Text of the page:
By Desmond Bermingham, Varkey Foundation, London.
While the Sustainable Development Goals (SDGs) may be important for global policy makers, the real change makers are the teachers in the classroom. Finding new ways to train and motivate these teachers will be key to reaching SDG4 in all developing countries.
One of my most enjoyable tasks since joining the Varkey Foundation earlier this year was to spend a day with the Instructional Leadership training programme for senior teachers and school leaders in Kiyunga- Mukono District, a two hour drive outside Kampala, Uganda. The trainers organised a warm up activity to re-energise everyone after lunch. The seventy seven teachers were asked to line up outside the training room in order of years of experience. The spectrum ranged from 35 to 5 years in the classroom. I calculated that there were more than a thousand years of teaching experience represented in that group!
Yet these experienced teachers were eagerly engaging in a series of intensive training sessions to learn new skills and new ways of supporting active learning. After the one week training course, the Varkey Foundation Uganda team – all experienced Ugandan teachers themselves – carry out follow up visits to the schools over a period of one year to see if the teachers are putting the training into practice in their classrooms. In almost all cases the answer is yes.
The skills being taught are not rocket science – they will be familiar to many teachers reading NORRAG News. How to get children thinking and problem solving together. How to make best use of locally available resources. How to make sure that every child – especially the girls – participate in the class. How to pace your lesson and check for understanding so that learning really takes place. This was a cost effective (no expensive international consultants!) and well thought out training programme designed by teachers for teachers.
I have to confess that I have spent far too much time over the past two decades in ‘high level’ discussions on the ‘alphabet soup’ of international development – PRSPs, MDGs, IDTs (anyone remember those?) and now the SDGs. It was a joy to spend a day with practising teachers from some of the poorest communities in Uganda who are still dedicated to the care and learning of the children in their charge.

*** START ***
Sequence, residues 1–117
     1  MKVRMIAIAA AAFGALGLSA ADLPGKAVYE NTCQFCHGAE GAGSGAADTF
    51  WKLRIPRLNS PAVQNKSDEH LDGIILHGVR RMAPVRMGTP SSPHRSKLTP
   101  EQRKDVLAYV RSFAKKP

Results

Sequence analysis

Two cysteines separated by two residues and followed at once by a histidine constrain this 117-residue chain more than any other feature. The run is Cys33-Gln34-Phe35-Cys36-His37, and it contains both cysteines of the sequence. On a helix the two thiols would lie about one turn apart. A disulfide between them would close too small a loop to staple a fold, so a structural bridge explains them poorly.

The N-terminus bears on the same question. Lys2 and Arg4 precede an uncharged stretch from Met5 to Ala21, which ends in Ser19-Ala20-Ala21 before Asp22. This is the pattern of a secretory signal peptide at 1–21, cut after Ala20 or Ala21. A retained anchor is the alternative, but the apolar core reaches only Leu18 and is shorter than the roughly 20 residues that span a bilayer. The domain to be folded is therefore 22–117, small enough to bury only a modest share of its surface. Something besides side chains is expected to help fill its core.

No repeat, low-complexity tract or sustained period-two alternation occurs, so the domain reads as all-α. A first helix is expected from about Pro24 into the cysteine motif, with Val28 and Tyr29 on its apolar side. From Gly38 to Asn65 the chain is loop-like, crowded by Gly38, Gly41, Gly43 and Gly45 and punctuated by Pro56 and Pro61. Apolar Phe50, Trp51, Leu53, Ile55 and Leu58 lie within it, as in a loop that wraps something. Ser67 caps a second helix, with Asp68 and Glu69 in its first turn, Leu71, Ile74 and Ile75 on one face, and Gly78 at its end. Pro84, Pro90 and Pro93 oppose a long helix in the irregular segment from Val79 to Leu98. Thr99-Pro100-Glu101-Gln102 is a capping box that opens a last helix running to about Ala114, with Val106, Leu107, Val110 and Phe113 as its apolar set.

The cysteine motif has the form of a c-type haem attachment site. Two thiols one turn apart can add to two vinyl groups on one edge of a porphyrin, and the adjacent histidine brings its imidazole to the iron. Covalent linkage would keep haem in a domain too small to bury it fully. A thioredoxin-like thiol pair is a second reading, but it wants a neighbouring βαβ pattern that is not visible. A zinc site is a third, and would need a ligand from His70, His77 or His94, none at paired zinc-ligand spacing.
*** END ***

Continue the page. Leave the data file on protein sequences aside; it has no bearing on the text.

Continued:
I am fairly sure that most of those 77 teachers would not have been aware of the details of the 17 SDGs and the 169 associated targets. Nor would they necessarily have been conscious that their work is critical to the achievement of the targets 4.1, 4.2, 4.5 and (possibly) 4.7 in the education SDGs as well as (indirectly) the achievement of many of the other SDGs.
Don’t get me wrong. I am not saying that the SDGs are not important. As writers elsewhere in this issue of NN54 have eloquently argued, global goals have a role to play in shaping the agenda of international organisations and (to a lesser extent) influencing national policy decisions. This global voice of reason is more important than ever as a response to the reactionary and ill-informed nationalism evidenced in many countries.
However, I do make an appeal to all of those involved in these international debates to remind themselves from time to time of the reality of the teachers, classrooms and homes in poorest and marginalised communities in every country in the world. The SDGs do matter to these communities. But for the achievement of the education goals at least, #teachersmatter more.
The Varkey Foundation is a not-for-profit organisation committed to ‘Changing lives through education’ by ensuring that every child has a great teacher and advocating for their increased status across the world including through the Global Teacher Prize .
Desmond Bermingham is the Director of Progammes at the Varkey Foundation in London
This blog reproduces an article in the new issue of NORRAG NEWS, NN54, on “Education, Training and Agenda 2030: What Progress One Year On?”.
NORRAG (Network for International Policies and Cooperation in Education and Training) is an internationally recognised, multi-stakeholder network which has been seeking to inform, challenge and influence international education and training policies and cooperation for almost 30 years. NORRAG has more than 4,700 registered members worldwide and is free to join. Not a member? Join free here.